These are the only changes I am aware about.......I have avoided going on a mouthpiece "safari" hoping the old feel will come back.......In the meantime playing correctly in the upper register is a real "circus."
     
    Last edited: Mar 1, 2007
  6. rowuk

    rowuk Moderator Staff Member

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    Jun 18, 2006
    Germany
    It is very possible that your practice sessions with the flu altered your short term muscle memory (your breathing is not what it should be when you are sick, so the face muscles respond differently!). Were you on any medication? - that can also change your frame of reference!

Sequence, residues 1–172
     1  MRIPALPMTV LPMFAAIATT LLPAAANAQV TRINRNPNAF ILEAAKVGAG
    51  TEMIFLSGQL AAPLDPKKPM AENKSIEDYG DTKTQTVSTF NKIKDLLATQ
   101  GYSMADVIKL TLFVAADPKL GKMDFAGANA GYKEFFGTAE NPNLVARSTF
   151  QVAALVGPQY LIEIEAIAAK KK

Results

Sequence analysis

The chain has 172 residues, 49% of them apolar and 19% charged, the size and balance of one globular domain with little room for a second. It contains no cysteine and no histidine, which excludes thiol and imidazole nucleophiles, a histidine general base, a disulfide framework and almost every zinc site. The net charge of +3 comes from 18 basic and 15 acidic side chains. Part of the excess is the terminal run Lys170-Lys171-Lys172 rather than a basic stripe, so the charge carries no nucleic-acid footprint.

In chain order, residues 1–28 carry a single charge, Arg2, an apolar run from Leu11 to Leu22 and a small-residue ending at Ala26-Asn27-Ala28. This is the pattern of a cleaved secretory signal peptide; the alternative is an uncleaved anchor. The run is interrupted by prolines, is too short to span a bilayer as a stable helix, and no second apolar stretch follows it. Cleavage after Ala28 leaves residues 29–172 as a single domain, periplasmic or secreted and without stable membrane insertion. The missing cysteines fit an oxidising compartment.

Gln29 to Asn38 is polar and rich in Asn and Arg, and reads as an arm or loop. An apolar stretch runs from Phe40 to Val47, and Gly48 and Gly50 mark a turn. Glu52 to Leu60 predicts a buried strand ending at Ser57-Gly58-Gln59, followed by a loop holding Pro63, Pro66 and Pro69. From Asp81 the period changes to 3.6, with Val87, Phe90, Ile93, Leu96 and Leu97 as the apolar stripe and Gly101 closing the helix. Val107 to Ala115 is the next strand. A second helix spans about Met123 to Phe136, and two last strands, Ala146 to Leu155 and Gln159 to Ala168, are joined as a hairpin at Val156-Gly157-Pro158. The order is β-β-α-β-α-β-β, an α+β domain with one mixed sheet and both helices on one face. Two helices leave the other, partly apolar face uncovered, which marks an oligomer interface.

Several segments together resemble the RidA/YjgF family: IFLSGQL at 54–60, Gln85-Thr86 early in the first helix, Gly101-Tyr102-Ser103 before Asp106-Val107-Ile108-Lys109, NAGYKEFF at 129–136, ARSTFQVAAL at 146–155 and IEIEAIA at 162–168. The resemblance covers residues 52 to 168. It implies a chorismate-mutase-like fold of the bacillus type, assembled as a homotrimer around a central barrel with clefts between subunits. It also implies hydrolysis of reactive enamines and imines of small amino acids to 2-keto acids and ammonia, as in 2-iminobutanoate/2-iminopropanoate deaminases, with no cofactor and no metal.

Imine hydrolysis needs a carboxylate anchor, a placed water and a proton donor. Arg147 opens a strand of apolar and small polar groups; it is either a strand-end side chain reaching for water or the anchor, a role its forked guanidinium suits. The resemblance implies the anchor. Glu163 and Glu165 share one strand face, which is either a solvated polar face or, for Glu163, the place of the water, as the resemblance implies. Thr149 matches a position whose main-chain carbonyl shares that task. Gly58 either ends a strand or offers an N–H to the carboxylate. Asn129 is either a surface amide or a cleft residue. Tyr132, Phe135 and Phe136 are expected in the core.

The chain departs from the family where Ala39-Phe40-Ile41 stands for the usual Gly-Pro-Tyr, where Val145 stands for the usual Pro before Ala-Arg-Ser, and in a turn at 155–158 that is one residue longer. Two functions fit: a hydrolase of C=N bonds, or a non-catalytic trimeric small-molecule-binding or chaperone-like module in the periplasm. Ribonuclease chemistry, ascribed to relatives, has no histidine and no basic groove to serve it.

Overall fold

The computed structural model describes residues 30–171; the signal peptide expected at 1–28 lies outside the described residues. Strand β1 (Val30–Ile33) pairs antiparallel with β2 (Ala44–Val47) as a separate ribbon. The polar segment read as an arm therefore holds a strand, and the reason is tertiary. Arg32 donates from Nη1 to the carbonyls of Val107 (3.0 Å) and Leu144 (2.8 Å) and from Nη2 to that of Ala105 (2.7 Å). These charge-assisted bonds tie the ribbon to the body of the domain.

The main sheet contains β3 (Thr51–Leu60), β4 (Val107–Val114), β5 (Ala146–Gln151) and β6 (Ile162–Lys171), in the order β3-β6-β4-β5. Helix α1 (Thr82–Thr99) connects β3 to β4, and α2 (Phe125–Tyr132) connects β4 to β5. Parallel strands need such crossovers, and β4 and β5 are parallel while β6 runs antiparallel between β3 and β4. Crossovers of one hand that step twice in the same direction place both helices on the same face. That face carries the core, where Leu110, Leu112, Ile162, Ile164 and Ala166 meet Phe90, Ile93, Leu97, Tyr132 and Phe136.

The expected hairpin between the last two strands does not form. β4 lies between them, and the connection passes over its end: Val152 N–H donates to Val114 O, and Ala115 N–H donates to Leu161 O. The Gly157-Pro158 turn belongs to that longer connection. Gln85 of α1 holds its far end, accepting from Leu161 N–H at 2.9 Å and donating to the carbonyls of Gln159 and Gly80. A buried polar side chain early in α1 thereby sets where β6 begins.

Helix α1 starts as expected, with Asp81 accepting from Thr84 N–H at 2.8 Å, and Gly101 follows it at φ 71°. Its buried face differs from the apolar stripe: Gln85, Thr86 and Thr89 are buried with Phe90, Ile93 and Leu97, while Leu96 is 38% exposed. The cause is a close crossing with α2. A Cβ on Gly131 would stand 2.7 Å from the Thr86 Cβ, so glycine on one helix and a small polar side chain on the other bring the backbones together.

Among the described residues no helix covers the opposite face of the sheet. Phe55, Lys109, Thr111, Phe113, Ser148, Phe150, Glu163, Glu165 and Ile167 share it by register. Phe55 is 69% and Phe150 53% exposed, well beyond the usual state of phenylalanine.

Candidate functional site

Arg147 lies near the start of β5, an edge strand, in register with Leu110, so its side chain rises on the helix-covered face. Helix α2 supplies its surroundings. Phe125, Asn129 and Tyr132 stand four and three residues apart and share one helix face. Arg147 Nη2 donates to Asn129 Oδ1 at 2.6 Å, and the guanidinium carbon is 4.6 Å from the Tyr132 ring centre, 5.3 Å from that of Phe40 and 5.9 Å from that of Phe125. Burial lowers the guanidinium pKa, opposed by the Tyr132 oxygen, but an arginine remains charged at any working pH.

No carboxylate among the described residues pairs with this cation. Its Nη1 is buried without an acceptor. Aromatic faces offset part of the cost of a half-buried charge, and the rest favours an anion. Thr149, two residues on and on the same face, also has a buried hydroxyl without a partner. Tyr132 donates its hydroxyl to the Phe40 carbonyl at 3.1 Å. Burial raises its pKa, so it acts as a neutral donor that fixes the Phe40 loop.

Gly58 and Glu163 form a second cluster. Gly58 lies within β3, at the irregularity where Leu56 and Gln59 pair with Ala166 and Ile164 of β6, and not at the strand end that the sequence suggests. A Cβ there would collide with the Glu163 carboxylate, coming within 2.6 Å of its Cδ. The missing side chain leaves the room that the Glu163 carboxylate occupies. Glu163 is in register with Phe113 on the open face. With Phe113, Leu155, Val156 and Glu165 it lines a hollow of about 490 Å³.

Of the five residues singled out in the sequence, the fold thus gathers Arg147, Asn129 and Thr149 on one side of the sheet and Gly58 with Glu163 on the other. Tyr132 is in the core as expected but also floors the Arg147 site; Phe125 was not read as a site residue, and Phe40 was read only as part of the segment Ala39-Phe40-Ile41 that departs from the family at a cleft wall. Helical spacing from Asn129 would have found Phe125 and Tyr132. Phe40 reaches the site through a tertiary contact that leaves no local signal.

Get back to your old program. A new mouthpiece will confuse even more. It may take another couple of weeks to get comfortable!
     
  7. TrentAustin

    TrentAustin Fortissimo User

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    Oct 28, 2003
    Boston, MA
    Talcito,

    did we talk about the "marksmanship" drills in our lesson a few years ago?

    Regards,

    t
     
  8. talcito

    talcito Piano User

    393
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    Feb 18, 2004
    Hi Trent:

    We worked on three routines.....I do not recall any being referred to as "markmanship drills" though.

    Please let me know if these drills could help.

    Thanks so much,


    Oscar